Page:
A new type of 3-D printer has been demonstrated at Sliperiet, Umeå Arts Campus. Suspended on thin fishing lines, the “Hangprinter” is currently making a Tower of Babel as part of the +Project innovation initiative. The machine's innovative spiderlike set up does not depend on a box, frame or rails; the printer can instead be attached to any stable surface, opening up a number of opportunities.
The Tower of Babel is not only the tallest object made by the Hangprinter so far, but much taller than the scope of any commercially available large format printer.
"As far as I know, the HangPrinter is the only 3-D printer of its kind. There are parallel cable-driven robots and other cable-driven 3-D printers, but the HangPrinter is unique in that all the parts except the energy source are mounted on the mobile device, and that it can use existing structures—in this case the walls—as a frame," says Torbjørn Ludvigsen, inventor of the HangPrinter.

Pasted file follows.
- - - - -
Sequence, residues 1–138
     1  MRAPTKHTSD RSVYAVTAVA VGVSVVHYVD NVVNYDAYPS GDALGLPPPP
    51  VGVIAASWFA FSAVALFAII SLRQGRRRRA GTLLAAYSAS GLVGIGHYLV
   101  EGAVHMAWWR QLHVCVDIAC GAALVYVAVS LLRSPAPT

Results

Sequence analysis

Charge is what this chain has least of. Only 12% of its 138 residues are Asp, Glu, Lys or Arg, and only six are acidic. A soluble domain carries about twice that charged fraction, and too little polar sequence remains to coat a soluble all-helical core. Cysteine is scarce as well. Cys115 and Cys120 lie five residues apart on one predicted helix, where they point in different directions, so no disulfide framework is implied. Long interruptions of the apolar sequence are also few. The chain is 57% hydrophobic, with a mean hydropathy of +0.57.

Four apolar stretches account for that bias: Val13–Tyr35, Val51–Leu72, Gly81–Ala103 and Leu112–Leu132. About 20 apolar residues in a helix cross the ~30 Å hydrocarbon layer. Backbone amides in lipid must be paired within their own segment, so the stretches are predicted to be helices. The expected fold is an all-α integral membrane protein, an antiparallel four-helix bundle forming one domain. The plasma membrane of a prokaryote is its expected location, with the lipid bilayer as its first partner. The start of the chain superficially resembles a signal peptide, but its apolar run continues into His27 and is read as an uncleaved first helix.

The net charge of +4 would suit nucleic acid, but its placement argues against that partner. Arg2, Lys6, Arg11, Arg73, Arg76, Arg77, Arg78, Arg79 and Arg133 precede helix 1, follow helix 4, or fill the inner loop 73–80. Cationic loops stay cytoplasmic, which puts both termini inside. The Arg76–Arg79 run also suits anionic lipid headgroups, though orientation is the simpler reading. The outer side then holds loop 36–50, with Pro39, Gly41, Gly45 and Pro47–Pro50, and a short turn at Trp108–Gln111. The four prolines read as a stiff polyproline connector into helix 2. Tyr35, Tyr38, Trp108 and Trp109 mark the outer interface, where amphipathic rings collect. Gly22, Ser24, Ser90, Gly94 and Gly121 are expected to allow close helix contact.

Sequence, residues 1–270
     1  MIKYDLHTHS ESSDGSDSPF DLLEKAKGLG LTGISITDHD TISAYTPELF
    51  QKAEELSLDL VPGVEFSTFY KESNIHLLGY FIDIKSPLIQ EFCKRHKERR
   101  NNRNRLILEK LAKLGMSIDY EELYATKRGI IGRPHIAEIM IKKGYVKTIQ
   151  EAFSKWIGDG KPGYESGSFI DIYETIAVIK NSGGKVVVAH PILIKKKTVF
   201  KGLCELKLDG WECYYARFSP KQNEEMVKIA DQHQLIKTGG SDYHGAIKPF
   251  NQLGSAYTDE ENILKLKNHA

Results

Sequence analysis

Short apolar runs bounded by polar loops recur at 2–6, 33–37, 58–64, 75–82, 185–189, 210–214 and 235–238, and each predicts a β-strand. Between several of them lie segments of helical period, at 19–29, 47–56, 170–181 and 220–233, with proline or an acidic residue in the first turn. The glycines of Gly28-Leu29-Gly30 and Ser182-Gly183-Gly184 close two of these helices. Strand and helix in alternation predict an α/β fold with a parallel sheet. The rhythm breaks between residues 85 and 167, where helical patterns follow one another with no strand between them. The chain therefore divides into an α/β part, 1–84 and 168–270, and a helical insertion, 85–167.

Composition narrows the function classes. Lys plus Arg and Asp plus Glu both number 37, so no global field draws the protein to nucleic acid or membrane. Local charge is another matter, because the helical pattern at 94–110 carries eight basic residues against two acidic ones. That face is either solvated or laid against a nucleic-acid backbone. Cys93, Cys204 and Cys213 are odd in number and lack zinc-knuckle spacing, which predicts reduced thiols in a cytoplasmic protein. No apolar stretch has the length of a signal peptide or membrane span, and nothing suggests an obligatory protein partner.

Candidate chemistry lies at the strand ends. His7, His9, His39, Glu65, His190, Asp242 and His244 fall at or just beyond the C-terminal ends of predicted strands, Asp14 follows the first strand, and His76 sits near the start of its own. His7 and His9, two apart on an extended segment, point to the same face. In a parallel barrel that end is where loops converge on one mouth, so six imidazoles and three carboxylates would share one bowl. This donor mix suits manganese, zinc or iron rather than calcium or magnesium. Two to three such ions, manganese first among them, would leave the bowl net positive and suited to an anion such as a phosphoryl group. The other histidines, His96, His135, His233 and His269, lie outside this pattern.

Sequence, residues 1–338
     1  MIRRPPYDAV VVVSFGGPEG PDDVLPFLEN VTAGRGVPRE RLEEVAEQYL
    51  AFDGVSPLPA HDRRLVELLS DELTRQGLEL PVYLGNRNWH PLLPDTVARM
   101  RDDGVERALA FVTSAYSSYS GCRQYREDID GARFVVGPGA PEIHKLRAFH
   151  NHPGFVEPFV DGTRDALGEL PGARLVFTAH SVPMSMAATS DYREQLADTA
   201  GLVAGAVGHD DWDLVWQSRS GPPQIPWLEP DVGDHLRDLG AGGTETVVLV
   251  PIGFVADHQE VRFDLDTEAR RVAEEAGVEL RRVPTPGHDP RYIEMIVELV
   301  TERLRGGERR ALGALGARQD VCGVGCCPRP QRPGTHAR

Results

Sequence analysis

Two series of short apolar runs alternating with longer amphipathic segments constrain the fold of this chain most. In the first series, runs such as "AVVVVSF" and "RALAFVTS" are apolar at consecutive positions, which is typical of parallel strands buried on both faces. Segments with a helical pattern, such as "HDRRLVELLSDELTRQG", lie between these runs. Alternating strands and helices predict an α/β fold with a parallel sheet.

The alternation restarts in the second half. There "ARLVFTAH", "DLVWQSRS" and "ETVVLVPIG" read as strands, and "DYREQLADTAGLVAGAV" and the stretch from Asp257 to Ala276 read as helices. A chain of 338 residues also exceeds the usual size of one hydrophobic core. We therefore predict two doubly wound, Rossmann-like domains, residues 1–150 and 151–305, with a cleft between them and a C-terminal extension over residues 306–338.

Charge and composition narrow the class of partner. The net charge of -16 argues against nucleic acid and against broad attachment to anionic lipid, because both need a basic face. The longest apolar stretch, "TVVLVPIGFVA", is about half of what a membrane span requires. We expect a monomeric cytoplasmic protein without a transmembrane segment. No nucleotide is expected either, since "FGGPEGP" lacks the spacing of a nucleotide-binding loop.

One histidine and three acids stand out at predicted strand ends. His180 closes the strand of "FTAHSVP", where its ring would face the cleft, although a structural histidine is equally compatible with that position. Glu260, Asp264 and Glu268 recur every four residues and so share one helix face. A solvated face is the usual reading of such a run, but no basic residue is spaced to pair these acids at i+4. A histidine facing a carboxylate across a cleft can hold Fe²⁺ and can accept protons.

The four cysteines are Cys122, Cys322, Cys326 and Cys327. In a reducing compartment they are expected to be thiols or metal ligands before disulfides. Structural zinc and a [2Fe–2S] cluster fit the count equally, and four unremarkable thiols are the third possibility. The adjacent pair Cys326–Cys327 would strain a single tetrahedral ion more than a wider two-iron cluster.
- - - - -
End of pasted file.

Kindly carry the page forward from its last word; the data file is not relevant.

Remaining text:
Torbjørn Ludvigsen started working on the HangPrinter while still a student at Umeå University, and the initial motive for designing a hanging printer was to bring down production costs. According to Ludvigsen, the frame was almost half the cost of the final 3-D printer.
Ludvigsen proved its feasibility with a first prototype last year and has been improving the method and device ever since. The printer can be put together for a fraction of the cost of other large format printers.
The device offers printing opportunities that include printing over vast areas and printing large volumes—horizontally and vertically—without the need to build rails or frames. The setup could also be scaled up and adapted for other materials. Future versions of the device could be equipped with sensors for greater precision and outdoor use.